August has been a very interesting month in the world of silicon wafer processing. On the one hand, we’ve seen demand for video game chips slowing down. At the same time, President Joe Biden signed the CHIPS Act, ushering 50 billion dollars of government spending into the domestic semiconductor manufacturing space.
Today, we’ll discuss what you need to know about the CHIPS act. Specifically, we’ll state what you can expect its impact to be, and why the US government is sending this important signal at this time.
There’s been major pressure on the US government to prioritize domestic semiconductor production. This makes sense for several reasons:
While the US used to be the world’s biggest supplier of semiconductors, several other countries have over time begun manufacturing more of them. Taiwan, for instance, is a major manufacturer. This is concerning, given the fact that many experts believe China wants to take over Taiwan.
The CHIPS and Science Act is part of a broader, bipartisan move by the US government to ensure that we can produce semiconductors domestically. This is vital for national security, which is so reliant on technology that it feels cliché to note that fact.
That said, this begs the question: is there still a semiconductor shortage? The truth is complicated. The biggest news recently has been the slowdown for gaming chips. There are two factors at play here:
It’s not quite fair to say that semiconductor manufacturers over-anticipated demand – many people expected this, which is why stocks in these chip manufacturers weren’t as badly hit as one might expect – but they essentially produced more than consumers needed.
While it is not easier to get chips for gaming or cryptocurrency, there are still many other areas where the semiconductor shortage is impacting businesses. Two recent examples are ag tech and the automotive industry.
While it’s easy for laypeople to think of semiconductors as one thing, there are of course many types of semiconductors. It makes sense that the semiconductor shortage would ease up in some areas more than others.
In some situations, companies have even chosen to modify their products so as to accommodate supply chain issues. While this can be an effective solution, these redesigns tend to be both time-intensive and costly.
The semiconductor industry requires massive amounts of investment. The CHIPS and Science Act represents a promising step forward for domestic production, but it is unlikely to significantly alter the percentage of them manufactured domestically.
Stacy Ragson, Managing Director and Senior Analyst for the Semiconductors and Semiconductor Capital Equipment division of Bernstein Research, states that the United States has 12% of total installed capacity for the world’s semiconductor production.
While the 50-billion-dollar investment is sizable and represents an important step in the right direction, it’s unlikely to move that number.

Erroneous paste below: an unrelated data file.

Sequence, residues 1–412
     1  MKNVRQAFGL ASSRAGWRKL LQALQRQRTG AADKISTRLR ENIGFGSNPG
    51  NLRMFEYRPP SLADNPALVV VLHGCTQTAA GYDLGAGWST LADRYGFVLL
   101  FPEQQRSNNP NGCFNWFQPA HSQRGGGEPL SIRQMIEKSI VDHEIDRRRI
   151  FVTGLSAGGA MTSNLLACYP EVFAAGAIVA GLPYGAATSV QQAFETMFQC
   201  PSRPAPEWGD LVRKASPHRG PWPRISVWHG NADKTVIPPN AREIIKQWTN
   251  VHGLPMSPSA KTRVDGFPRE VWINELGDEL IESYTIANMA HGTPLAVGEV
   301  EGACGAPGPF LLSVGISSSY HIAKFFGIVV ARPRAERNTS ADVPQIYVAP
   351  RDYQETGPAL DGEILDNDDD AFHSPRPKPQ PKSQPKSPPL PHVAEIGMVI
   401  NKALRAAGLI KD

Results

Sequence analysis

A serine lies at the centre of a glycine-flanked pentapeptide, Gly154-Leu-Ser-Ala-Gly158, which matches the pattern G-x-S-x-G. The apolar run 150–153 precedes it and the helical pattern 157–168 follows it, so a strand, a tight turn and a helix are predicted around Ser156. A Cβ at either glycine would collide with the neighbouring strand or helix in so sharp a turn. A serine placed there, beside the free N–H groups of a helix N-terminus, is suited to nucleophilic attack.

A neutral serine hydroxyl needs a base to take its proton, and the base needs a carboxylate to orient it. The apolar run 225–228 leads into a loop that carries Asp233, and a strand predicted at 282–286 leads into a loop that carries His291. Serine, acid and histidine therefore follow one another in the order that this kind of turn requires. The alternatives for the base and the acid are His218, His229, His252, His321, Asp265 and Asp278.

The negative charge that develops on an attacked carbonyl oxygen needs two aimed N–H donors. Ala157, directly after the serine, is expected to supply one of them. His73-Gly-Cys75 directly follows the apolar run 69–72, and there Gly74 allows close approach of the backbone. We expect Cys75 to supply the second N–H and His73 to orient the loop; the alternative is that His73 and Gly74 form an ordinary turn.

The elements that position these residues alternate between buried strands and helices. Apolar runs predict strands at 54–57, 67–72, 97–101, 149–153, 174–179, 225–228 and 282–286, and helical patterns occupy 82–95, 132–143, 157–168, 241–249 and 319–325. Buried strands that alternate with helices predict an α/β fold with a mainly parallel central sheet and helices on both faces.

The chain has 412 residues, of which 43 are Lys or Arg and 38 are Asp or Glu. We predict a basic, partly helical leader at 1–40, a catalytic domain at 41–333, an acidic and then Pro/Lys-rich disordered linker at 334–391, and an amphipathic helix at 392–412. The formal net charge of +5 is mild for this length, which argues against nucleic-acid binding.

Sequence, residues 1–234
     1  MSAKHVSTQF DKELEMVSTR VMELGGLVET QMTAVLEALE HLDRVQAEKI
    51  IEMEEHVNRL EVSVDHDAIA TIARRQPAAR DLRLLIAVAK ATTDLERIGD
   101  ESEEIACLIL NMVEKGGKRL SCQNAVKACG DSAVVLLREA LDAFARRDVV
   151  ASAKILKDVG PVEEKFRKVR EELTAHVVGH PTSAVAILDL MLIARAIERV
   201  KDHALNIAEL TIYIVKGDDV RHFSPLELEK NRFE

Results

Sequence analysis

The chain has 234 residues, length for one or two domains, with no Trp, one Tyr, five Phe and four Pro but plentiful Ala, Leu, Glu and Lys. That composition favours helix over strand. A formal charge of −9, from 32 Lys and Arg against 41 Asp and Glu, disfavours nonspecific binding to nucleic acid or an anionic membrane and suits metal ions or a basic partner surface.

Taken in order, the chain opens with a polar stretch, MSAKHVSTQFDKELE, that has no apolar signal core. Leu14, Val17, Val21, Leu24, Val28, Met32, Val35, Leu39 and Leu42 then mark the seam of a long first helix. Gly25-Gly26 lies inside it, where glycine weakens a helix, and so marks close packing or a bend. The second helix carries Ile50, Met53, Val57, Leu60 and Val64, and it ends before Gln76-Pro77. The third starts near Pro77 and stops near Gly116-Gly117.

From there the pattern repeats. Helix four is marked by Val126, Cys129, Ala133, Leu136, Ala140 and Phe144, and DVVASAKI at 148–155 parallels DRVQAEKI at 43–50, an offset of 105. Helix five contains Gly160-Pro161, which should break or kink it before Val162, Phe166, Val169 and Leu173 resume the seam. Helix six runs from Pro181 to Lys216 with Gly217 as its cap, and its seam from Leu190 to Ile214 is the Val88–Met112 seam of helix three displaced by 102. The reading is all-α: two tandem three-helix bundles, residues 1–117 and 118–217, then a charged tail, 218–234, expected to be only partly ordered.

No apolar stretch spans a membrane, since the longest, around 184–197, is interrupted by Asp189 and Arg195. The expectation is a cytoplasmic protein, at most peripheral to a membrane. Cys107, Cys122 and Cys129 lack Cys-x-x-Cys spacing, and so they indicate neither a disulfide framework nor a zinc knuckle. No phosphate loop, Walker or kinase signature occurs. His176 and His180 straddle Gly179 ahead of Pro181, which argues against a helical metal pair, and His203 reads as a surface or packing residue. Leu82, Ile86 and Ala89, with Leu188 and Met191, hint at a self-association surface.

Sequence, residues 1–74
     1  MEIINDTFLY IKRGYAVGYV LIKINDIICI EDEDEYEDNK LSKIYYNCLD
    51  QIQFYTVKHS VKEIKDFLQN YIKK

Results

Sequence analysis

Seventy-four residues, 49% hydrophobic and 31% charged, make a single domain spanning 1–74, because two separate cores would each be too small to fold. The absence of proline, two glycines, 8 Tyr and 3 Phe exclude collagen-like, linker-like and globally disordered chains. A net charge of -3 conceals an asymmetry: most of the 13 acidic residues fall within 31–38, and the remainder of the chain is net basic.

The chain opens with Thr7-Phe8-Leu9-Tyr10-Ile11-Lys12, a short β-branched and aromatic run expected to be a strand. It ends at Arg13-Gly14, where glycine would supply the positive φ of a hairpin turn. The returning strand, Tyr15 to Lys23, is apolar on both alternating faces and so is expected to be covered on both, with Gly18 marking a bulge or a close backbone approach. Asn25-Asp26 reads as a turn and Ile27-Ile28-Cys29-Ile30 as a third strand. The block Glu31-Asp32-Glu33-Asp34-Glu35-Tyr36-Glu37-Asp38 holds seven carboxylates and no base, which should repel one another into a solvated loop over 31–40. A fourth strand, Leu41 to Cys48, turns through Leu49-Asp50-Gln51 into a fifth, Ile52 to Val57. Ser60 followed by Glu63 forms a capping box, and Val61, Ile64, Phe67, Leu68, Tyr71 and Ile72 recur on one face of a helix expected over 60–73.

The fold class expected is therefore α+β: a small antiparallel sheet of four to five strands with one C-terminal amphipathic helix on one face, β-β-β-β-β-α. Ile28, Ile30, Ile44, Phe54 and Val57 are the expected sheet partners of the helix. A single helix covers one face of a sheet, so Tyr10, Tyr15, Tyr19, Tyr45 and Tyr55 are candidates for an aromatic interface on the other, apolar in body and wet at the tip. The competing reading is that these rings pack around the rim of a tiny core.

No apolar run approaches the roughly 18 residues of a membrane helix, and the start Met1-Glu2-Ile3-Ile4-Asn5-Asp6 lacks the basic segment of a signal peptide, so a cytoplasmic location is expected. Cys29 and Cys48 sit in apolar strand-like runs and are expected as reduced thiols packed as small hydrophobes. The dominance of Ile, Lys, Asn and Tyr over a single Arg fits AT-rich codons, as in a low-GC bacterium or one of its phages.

Instead, it’s important to understand that this is one part of a broader movement to prevent China from completely overtaking American semiconductor manufacturing. It could also open the door to further funding, making the US increasingly competitive.
This is a complicated question which goes outside the bounds of this article. However, it’s worth noting that the semiconductor supply chain is highly global and interconnected. It would be very, very difficult to make the entire semiconductor supply chain domestic.
That said, the same thing could be said for other countries. While many governments are trying to increase domestic production of certain parts, no country is able to manufacture a sufficient number of semiconductors to fulfill all their needs.
The government has been moving fast to deploy funds. In fact, Biden has already signed an executive order to set things in motion. While things are set in motion, though, the money hasn’t all been allocated. The government is trying to walk a careful tightrope.
On the one hand, they want to start production as soon as possible. On the other hand, they want to make sure they’re allocating funds effectively.
Even though the government is allocating funds as quickly as possible while also doing so responsibly, there’s a massive difference between when the funds are received and when they begin showing results.
As we’ve discussed extensively on this blog, the lifecycle of semiconductor manufacturing is long. It can take years for these facilities to get built and actually produce semiconductors.
If you have any additional questions about the CHIPS and Science Act, check out CHIPS.gov. As the Top-Level Domain suggests, this is a government website.
Built and run by the National Institute of Standards and Technology, it’s designed to help taxpayers explain why semiconductors are important, and why the CHIPS funding is so important. It has a blog and newsletter, both of which can keep you up to date regarding the impact of CHIPS.
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